Case Study: Hotel Mixes Modern and Traditional Elements

  January 7, 2022

At The Villages a sense of tradition and history is part of the design brief. It is abundantly evident in the recently completed Brownwood Hotel, where a bold mixture of contemporary and traditional elements come together to create the appearance that “they’ve always been there.” This multi-styled aesthetic informs the finishes, the furniture and even the ceilings, where decorative thermoformed panels from Ceilume add the patterning and texture that completes the design gesture. 

Located in Brownwood, the 150-room hotel accommodates business and personal travelers and provides medical hospitality for patients and their families coming for treatment at the adjoining outpatient hospital, the Center for Advanced Healthcare at Brownwood. The two buildings, designed and built concurrently, were collaborations between The Villages’ design group led by Tracy Morse (one of the three managing members of the family that founded The Villages) and ESa (Earl Swensson Associates), which provided master planning, architectural and interior design. Both reflect the overall theme of Brownwood, the spirit of the Floridian cowboy. Thematic patterns like the paisley of the cowboy’s bandana appear in various applications such as carpets and upholstery of the lobby furniture. Decorative elements hailing from a broad range of styles fit together, mixing contemporary and traditional for an overall effect of a design that has evolved over time, a kind of instant history. 

The public areas of the hotel like the main lobby and lobby bar are decorated and furnished with materials that draw liberally on the cowboy tradition. There is extensive use of wood and dark leather, fabrics that recall Native American weaving and the look of the horse blanket and a hotel logo resembling a cattle brand that is worked into the decor in numerous locations. Juxtaposed with these rustic references are elements of refined European opulence, like rich blue and red velvets, formal millwork, crystal chandeliers and coffered ceilings. Luxury has tamed the frontier, and the expressions of formality pull together the disparate styles.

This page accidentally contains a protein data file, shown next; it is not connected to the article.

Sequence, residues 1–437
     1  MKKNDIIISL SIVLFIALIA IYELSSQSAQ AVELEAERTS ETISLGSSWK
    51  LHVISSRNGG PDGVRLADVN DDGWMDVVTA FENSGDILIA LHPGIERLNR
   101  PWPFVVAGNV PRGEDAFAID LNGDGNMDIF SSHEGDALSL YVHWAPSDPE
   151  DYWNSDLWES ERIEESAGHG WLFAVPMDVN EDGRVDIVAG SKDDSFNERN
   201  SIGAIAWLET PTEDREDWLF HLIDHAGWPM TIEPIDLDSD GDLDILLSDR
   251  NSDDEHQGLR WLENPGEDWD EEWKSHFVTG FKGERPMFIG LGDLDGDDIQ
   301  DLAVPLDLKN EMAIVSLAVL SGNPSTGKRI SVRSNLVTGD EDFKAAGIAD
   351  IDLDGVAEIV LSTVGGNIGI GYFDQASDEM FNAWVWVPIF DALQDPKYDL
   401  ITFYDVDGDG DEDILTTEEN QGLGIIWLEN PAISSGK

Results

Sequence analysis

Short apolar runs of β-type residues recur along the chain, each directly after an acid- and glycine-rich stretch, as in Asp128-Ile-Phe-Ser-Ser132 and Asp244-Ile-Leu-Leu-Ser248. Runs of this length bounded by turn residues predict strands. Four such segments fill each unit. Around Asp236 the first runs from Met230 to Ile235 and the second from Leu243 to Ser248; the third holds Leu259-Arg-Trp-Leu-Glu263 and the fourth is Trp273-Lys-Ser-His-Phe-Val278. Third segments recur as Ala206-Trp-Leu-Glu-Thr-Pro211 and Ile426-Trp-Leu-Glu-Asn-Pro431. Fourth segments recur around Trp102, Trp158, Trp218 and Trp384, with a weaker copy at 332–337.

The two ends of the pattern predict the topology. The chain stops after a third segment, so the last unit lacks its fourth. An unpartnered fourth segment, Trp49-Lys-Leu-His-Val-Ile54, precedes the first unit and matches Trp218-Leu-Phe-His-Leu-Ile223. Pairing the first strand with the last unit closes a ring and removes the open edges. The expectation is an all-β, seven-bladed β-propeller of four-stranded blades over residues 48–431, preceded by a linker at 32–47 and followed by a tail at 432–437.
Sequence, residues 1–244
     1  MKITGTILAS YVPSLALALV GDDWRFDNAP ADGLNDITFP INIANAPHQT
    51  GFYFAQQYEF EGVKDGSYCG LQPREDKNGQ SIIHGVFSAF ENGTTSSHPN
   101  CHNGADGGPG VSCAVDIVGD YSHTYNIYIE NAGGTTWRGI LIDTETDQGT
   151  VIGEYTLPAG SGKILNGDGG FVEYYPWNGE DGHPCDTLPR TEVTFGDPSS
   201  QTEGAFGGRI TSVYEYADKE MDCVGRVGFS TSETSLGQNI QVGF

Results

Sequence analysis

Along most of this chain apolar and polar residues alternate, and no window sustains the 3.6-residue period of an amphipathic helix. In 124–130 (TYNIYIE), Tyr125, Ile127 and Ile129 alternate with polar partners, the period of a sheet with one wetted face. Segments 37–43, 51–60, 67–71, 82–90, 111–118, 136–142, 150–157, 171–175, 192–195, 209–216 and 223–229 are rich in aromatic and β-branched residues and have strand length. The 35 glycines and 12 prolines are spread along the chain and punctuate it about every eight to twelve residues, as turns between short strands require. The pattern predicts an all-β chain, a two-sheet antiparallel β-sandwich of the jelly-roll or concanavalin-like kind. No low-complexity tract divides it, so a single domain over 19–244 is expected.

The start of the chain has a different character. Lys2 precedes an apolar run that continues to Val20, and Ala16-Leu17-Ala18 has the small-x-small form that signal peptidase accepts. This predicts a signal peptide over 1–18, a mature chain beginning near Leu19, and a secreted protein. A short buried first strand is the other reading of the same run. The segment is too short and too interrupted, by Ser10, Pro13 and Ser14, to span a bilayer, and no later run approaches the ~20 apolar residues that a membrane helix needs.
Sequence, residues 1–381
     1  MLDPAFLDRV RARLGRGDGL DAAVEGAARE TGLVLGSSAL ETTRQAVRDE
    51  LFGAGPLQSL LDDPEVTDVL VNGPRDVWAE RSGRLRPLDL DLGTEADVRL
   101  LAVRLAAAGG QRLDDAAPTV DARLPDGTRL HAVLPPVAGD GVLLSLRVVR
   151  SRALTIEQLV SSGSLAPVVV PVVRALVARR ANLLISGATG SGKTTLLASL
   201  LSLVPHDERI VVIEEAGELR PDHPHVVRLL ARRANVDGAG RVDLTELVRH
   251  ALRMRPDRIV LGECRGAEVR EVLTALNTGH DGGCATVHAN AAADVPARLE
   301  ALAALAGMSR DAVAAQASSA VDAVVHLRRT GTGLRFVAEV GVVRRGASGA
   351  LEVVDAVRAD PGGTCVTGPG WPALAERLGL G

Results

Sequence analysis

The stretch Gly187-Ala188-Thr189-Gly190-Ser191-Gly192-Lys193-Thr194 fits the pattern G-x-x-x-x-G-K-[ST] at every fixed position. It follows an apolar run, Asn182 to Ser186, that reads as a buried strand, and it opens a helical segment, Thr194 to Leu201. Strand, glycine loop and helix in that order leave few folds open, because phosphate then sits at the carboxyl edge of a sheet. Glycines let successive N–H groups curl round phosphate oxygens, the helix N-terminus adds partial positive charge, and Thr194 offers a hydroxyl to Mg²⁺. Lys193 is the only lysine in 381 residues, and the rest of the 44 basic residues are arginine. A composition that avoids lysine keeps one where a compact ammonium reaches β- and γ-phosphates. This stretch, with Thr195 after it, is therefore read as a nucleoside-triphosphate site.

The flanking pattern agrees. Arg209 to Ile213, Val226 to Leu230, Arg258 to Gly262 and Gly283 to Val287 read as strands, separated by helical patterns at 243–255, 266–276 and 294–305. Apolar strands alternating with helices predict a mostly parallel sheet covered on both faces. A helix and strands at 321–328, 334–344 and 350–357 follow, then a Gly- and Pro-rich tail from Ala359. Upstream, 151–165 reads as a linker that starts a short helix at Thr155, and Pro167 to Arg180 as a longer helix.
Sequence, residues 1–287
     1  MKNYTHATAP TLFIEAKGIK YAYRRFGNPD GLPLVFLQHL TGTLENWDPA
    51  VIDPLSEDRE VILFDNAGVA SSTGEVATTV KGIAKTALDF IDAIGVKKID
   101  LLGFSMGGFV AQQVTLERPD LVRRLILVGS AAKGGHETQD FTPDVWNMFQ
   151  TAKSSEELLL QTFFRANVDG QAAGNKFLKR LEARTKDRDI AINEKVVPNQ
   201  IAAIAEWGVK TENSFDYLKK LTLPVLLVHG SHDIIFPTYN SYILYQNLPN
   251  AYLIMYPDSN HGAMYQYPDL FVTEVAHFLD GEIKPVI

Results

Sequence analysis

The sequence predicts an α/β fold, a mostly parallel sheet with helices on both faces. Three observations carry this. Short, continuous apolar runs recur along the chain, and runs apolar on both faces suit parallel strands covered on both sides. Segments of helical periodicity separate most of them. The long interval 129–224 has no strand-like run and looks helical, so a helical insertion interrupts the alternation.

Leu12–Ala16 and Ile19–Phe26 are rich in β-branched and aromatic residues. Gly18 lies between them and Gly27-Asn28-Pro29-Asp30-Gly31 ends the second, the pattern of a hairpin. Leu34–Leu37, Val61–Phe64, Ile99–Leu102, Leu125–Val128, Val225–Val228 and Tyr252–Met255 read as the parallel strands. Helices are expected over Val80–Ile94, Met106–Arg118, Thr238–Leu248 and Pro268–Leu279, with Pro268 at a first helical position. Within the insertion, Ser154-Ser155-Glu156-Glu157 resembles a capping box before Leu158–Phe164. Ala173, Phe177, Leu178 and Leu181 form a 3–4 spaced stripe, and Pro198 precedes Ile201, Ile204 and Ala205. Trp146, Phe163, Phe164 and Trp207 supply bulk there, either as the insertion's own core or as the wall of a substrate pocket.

The coffered ceiling in the Main Lobby is a particularly interesting modern take on a traditional style, since it is actually a suspended ceiling with accessible area above it for mechanical, plumbing and electrical services. It is made of Ceilume thermoformed ceiling panels in a conventional T-bar suspension grid, a coffered panel pattern called Oxford in the color Sand. The grid is set above millwork beams, making a kind of coffer-within-coffer effect that presents the chandeliers to maximum advantage, and gives the room a feeling of solid substantiality. At the same time, it provides all the practical advantages of an accessible ceiling, including high NRC acoustic control via the inclusion of SoniGuard acoustic insulation above each panel. 

In the adjacent bar, thermoformed ceilings are used to achieve a different traditional accent, that of the stamped metal ceiling. The Fleur-des-Lis pattern in metallic Tin finish fills in perfectly for the popular early 20th century ceiling material, and gives a traditional counterbalance to the decidedly contemporary lounge furnishings of the room. 

In the Pre-Function Hall that leads to the hotel’s banquet rooms, the furniture is formal, but the ceiling strikes a contemporary note using lacelike Victorian panels – a versatile pattern that can appear either traditional or contemporary in different contexts – surrounded by flat Serenity panels. The bright, delicate ceiling pattern, the warm whites of the walls and carpet, and the rich daylighting thanks to generous glazing all combine to give the hall an airiness and sense of spacious grace. 

“Even though most everything in The Villages is new,” says ESa, Interior Designer, Jarred Bobo. “The goal is to make everything there appear to have been constructed years ago.”  

If the mixture of styles is daring, it achieves the strategic goal of seeming to have been there for decades and evolved organically. Leveraging the ceiling in this strategy proved to be an effective way to add texture and interest, with the wide range of available panel styles providing smart complements to several different, highly eclectic designs. 


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